AUDIE CORNISH, HOST:
Now a footnote to something we discussed recently on All Tech Considered. Harvard professor Calestous Juma came on this program to talk about why we sometimes hold on to outdated technology, even when there are newer, better ways of completing the same tasks. I asked him for a good example, and he said this.
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CALESTOUS JUMA: I think the typewriter keyboard for me is the one that is most amazing. The keys were designed specifically to slow down the speed of typing because the other typewriters are not that efficient. But it has become very difficult to change the keyboard and adopt a different setup.
CORNISH: And with this you're referring to the QWERTY system, where it's not in alphabetical order or anything like that.
JUMA: Exactly, because there are more efficient ways of arranging the letters.
CORNISH: Well, we went off to find those more efficient arrangements and found this expert.
MATT KLEIN: My name is Matt Klein. I'm a staff writer with howtogeek.com.
CORNISH: Klein says there are several keyboard layouts that claim to be faster and more ergonomic than the old-fashioned QWERTY. Now bear with us because some of this might sound like alphabet soup. First, there's the Dvorak.
KLEIN: It places 70 percent of the most commonly used letters on the home row.
CORNISH: That's the middle row. The vowels are all on the left side and key consonants like S are on the right. Next, the Colemak.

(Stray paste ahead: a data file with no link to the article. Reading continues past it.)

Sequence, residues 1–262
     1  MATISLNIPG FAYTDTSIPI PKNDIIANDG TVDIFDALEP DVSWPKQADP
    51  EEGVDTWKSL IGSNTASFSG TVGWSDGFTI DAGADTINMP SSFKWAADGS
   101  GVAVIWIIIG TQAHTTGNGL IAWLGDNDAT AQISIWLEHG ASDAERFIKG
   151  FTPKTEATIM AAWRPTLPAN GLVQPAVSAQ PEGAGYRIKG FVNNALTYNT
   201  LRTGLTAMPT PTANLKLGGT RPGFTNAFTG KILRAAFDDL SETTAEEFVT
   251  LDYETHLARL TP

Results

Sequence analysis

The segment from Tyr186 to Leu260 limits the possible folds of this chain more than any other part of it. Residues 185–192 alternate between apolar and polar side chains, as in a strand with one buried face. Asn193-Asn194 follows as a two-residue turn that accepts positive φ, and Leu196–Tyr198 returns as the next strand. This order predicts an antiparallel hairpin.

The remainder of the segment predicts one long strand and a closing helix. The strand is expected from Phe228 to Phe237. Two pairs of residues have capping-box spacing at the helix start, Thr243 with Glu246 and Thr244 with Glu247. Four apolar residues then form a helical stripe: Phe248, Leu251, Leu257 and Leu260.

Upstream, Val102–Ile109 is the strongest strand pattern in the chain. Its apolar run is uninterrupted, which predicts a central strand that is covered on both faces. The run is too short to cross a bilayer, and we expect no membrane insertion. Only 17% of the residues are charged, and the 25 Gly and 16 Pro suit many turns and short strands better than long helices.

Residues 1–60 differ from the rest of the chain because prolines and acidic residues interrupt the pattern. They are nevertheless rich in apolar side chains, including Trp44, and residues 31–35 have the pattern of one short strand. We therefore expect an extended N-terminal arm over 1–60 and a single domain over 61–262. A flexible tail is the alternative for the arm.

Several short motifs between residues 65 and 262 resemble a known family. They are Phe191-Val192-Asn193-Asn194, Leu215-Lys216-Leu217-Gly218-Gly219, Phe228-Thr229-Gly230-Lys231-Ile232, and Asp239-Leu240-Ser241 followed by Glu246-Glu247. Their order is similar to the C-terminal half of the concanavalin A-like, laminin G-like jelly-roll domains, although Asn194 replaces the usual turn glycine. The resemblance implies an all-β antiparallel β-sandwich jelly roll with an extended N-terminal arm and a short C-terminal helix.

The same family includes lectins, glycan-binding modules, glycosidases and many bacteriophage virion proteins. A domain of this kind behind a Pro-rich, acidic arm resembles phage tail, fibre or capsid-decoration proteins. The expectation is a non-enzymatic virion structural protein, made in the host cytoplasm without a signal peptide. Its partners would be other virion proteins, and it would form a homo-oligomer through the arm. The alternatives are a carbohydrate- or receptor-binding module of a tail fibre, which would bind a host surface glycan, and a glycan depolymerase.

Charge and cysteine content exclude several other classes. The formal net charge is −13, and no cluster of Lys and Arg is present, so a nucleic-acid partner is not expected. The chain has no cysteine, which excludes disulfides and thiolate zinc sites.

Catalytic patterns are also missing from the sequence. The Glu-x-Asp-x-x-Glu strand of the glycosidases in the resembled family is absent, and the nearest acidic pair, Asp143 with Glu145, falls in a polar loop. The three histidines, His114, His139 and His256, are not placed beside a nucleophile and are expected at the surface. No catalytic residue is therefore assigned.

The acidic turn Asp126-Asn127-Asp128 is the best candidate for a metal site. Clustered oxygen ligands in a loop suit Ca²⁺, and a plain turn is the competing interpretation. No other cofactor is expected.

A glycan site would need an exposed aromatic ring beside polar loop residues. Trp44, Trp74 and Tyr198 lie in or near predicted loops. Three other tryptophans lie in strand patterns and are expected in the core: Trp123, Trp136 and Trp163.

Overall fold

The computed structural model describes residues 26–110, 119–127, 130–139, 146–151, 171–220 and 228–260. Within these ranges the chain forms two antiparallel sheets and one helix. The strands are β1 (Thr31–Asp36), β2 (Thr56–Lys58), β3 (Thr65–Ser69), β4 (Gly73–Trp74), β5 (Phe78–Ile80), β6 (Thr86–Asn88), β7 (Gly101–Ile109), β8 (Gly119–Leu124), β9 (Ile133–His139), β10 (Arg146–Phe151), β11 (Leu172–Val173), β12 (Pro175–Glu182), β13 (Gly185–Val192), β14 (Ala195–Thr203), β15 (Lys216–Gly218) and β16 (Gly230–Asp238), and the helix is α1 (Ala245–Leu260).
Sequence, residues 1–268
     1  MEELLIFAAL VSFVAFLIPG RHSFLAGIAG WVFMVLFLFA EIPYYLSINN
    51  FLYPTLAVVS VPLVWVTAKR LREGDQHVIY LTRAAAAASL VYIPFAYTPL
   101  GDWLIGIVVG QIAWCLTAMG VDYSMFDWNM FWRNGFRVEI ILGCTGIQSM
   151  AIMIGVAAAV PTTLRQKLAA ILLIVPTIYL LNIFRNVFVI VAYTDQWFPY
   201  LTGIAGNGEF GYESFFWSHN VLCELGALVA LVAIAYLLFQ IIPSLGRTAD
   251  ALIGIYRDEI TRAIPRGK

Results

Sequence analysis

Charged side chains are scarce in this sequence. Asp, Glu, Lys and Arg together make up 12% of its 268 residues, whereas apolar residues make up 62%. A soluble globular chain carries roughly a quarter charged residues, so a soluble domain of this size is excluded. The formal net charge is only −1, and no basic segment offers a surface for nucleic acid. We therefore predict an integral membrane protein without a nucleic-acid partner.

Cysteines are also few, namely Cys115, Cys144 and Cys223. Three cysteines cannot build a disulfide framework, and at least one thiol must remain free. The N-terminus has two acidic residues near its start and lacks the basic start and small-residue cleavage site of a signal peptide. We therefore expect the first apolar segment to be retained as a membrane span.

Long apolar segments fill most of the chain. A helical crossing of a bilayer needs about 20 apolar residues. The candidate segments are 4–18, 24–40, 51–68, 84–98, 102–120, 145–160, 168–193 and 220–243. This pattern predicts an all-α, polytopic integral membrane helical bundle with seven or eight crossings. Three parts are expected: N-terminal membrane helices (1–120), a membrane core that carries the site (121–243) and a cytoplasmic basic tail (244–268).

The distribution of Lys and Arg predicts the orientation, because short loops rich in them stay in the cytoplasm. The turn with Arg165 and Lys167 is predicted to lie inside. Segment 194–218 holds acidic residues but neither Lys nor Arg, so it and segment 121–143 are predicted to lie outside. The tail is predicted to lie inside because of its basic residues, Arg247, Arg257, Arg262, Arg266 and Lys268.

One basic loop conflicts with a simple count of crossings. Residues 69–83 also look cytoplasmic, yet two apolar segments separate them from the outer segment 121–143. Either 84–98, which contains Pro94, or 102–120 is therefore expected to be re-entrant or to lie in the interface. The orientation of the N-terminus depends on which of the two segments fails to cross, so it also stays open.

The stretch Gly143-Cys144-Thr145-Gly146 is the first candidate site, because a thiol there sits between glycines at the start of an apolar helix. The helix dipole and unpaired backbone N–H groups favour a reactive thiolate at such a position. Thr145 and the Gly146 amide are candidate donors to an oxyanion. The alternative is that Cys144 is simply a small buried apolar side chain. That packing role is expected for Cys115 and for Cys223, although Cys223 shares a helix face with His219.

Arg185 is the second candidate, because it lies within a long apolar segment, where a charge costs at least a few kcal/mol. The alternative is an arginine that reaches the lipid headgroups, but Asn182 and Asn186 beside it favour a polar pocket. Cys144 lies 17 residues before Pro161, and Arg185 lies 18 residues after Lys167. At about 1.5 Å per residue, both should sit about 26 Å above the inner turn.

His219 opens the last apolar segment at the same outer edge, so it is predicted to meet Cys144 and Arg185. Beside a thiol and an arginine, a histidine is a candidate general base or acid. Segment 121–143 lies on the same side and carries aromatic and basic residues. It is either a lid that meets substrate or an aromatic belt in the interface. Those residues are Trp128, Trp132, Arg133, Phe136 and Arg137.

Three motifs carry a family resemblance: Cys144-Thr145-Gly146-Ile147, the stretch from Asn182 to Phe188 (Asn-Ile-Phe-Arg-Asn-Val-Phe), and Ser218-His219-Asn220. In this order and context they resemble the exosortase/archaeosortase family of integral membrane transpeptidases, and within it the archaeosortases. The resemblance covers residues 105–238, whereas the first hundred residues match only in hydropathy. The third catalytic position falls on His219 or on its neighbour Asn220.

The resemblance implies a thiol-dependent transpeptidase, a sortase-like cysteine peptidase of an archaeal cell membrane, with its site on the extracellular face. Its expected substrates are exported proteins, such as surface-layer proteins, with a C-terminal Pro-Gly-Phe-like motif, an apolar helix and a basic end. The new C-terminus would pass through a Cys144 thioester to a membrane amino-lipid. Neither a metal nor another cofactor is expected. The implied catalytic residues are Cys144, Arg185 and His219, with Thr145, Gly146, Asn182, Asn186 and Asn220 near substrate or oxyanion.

KLEIN: The Colemak layout actually places the most frequently used letters under the strongest fingers - not on the home row, but under the strongest fingers.
CORNISH: Those would be the middle fingers, and you can find the S and E within easy reach. Now, the Dvorak and Colemak basically look like standard keyboards, just with the characters on different keys. And if you want to try them out, it's usually as easy as changing a setting on your computer. The not-so-easy part is learning the new configurations. You can put stickers on your keys to help.
Matt Klein says there's another option, but it'll cost you, the Maltron. Klein explains it's a special keyboard that runs at least $500.
KLEIN: It divides the layout into these squared areas. So for example the left hand has its own keyboard square, while the right gets its own square. The overall aim is to allow you to type more complete words with minimal movement than with QWERTY.
CORNISH: Klein says these alternatives might make it a little bit faster and easier to type, not that he's willing to make the change.
KLEIN: They have a rather steep learning curve, and I find that learning a new layout is quite time-consuming. I really can't afford to slow down to learn a new one, and it really actually took me quite a while to really master QWERTY.
CORNISH: Besides, he says there's not really a point to learning a new system. In the future, there may not even be keyboards, just touch screens and computer-aided dictation. Swipes, gestures, words might be all we need, but nothing beats this sound.
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